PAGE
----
(1.) He owns their sins to have been very great: “Our iniquities are increased over our heads (Ezra 9:6); we are ready to perish in them as in keep waters;” so general was the prevalency of them, so violent the power of them, and so threatening were they of the most pernicious consequences. “Iniquity has grown up to such a height among us that it reaches to the heavens, so very impudent that it dares heaven, so very provoking that, like the sin of Sodom, it cries to heaven for vengeance.” But let this be the comfort of true penitents that though their sins reach to the heavens God’s mercy is in the heavens, Ps. 36:5. Where sin abounds grace will much more abound.

(2.) Their sin had been long persisted in (Ezra 9:7): Since the days of our fathers have we been in a great trespass. The example of those that had gone before them he thought so far from excusing their fault that it aggravated it. “We should have taken warning not to stumble at the same stone. The corruption is so much the worse that it has taken deep root and begins to plead prescription, but by this means we have reason to fear that the measure of the iniquity is nearly full.”

(3.) The great and sore judgments which God had brought upon them for their sins did very much aggravate them: “For our iniquities we have been delivered to the sword and to captivity (Ezra 9:7), and yet not reformed, yet not reclaimed—brayed in the mortar, and yet the folly not gone (Prov. 27:22)-- corrected, but not reclaimed.”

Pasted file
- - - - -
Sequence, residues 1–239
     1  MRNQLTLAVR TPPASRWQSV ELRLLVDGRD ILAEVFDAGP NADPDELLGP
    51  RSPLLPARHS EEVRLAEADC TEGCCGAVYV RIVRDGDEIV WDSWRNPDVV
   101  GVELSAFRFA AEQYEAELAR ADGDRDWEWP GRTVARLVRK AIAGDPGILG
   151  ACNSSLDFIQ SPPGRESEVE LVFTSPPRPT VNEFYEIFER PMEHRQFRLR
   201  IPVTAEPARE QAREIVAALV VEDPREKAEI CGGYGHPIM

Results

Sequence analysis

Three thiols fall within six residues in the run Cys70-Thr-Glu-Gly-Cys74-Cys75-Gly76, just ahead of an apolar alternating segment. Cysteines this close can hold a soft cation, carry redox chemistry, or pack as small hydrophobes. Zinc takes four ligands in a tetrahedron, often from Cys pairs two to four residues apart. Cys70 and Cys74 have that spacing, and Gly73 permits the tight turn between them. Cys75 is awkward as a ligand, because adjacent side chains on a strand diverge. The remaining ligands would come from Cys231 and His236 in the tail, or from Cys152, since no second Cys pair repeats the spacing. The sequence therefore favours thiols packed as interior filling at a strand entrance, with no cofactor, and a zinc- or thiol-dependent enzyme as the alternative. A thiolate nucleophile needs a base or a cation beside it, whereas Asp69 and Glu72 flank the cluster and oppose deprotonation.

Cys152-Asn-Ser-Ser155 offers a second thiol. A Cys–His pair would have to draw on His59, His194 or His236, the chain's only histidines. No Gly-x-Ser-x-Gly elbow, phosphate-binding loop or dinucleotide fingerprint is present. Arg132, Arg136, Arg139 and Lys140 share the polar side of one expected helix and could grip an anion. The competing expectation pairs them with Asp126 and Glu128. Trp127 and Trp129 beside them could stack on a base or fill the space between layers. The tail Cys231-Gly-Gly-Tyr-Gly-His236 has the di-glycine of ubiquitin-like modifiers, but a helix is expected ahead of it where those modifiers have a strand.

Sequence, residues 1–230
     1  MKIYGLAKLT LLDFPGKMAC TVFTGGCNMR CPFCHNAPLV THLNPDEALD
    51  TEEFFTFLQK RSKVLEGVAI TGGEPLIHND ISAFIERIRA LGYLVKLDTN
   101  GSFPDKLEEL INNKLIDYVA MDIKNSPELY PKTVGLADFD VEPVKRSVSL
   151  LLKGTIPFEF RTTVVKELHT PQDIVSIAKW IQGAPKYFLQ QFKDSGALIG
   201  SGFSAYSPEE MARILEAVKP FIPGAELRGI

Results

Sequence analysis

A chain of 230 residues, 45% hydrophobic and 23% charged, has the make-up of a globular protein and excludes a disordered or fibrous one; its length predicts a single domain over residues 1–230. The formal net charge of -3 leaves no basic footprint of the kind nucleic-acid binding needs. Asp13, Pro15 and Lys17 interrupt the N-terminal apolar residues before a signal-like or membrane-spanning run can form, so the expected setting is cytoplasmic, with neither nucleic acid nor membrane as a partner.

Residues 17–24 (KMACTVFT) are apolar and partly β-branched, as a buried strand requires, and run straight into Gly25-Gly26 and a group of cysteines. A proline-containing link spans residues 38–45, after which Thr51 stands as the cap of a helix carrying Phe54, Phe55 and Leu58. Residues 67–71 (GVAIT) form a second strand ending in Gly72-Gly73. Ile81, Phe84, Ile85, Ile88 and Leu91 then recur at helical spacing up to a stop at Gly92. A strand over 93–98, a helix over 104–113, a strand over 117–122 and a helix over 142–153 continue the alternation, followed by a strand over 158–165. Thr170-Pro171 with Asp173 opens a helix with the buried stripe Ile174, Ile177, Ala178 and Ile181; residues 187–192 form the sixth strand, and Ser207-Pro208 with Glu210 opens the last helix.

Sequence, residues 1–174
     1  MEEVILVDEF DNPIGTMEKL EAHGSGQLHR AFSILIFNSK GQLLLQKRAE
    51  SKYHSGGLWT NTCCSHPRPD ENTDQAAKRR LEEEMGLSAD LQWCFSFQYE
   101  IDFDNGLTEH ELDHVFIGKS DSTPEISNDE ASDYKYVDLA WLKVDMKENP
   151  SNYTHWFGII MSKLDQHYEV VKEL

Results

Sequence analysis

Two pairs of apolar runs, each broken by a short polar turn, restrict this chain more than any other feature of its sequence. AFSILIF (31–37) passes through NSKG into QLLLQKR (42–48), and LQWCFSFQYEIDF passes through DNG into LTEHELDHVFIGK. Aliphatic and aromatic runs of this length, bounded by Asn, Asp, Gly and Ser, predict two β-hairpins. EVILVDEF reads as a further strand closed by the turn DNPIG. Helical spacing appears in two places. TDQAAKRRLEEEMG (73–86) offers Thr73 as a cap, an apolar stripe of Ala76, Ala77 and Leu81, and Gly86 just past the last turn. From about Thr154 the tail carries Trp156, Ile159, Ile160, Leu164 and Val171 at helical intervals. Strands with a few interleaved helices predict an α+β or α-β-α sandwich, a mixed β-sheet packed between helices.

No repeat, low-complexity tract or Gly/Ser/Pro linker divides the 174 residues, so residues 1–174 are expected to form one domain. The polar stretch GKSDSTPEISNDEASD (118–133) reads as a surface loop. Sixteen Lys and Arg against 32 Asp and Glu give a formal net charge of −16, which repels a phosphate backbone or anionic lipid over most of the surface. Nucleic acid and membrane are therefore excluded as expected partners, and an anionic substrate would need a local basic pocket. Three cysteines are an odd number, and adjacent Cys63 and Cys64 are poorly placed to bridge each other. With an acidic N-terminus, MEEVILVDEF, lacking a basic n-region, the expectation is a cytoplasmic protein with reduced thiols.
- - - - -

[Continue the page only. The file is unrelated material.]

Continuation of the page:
(4.) The late mercies God had bestowed upon them did likewise very much aggravate their sins. This he insists largely upon, Ezra 9:8, 9. Observe, [1.] The time of mercy: Now for a little space, that is, “It is but a little while since we had our liberty, and it is not likely to continue long.” This greatly aggravated their sin, that they were so lately in the furnace and that they knew not how soon they might return to it again; and could they yet be secure? [2.] The fountain of mercy: Grace has been shown us from the Lord. The kings of Persia were the instruments of their enlargement; but he ascribes it to God and to his grace, his free grace, without any merit of theirs. [3.] The streams of mercy,—that they were not forsaken in their bondage, but even in Babylon had the tokens of God’s presence,—that they were a remnant of Israelites left, a few out of many, and those narrowly escaped out of the hands of their enemies, by the favour of the kings of Persia,—and especially that they had a nail in his holy place, that is (as it is explained, Ezra 9:9), that they had set up the house of God. They had their religion settled and the service of the temple in a constant method. We are to reckon it a great comfort and advantage to have stated opportunities of worshipping God. Blessed are those that dwell in God’s house, like Anna that departed not from the temple. This is my rest for ever, says the gracious soul. [4.] The effects of all this. It enlightened their eyes, and it revived their hearts; that is, it was very comfortable to them, and the more sensibly so because it was in their bondage: it was life from the dead to them. Though but a little reviving, it was a great favour, considering that they deserved none and the day of small things was an earnest of greater. “Now,” says Ezra, “how ungrateful are we to offend a God that has been so kind to us! how disingenuous to mingle in sin with those nations from whom we have been, in wonderful mercy, delivered! how unwise to expose ourselves to God’s displeasure when we are tried with the returns of his favour and are upon our good behaviour for the continuance of it!”